Prefix Increment and Decrement Operators

The unary operators (++ and --) are called "prefix" increment or decrement operators when the increment or decrement operators appear before the operand. Postfix increment and decrement has higher precedence than prefix increment and decrement. The operand must have integral, floating, or pointer type and must be a modifiable l-value expression (an expression without the const attribute). The result is an l-value.

When the operator appears before its operand, the operand is incremented or decremented and its new value is the result of the expression.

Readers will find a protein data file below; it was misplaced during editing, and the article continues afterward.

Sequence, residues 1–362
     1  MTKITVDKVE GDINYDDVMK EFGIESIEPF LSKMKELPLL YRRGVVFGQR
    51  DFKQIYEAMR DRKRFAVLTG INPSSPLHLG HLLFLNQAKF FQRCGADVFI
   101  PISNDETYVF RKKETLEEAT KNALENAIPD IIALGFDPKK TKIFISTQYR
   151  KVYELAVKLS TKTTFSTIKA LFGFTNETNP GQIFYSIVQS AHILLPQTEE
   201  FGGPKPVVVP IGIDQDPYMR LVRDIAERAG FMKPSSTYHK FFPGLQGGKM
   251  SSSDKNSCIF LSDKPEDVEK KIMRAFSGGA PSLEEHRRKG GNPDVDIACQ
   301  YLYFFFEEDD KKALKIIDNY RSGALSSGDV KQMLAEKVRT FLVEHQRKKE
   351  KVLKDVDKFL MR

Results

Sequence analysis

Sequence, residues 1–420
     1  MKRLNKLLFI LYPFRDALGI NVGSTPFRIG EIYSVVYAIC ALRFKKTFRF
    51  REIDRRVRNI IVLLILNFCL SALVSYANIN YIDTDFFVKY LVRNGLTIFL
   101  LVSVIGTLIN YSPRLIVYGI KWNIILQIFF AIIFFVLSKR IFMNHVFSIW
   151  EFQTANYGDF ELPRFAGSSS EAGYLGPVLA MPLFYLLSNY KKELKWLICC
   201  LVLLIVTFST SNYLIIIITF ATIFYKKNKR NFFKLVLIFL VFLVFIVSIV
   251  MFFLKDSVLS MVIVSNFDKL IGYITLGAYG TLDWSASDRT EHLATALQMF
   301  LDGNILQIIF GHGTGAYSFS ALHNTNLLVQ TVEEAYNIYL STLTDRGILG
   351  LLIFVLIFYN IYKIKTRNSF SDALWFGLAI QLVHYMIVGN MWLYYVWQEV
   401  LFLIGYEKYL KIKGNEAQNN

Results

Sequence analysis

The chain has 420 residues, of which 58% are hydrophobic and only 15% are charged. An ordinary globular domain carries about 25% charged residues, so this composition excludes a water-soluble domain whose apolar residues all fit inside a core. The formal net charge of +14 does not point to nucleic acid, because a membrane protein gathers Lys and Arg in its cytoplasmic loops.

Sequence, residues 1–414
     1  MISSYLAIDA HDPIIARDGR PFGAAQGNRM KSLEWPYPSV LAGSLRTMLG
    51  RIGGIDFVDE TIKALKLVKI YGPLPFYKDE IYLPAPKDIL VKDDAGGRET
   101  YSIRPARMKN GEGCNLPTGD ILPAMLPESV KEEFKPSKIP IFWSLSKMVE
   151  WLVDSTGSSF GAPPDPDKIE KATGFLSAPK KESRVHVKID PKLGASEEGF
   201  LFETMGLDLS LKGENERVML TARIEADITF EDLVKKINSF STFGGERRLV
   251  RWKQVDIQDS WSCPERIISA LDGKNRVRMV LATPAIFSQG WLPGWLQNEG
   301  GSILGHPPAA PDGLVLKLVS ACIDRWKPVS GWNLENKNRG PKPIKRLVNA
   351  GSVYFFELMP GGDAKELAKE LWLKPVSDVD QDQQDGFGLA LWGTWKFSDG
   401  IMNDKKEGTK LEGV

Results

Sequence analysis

An operand of integral or floating type is incremented or decremented by the integer value 1. The type of the result is the same as the operand type. An operand of pointer type is incremented or decremented by the size of the object it addresses. An incremented pointer points to the next object; a decremented pointer points to the previous object.


This example illustrates the unary prefix decrement operator:

if( line[--i] != '\n' )

In this example, the variable i is decremented before it is used as a subscript to line.

See also

C Unary Operators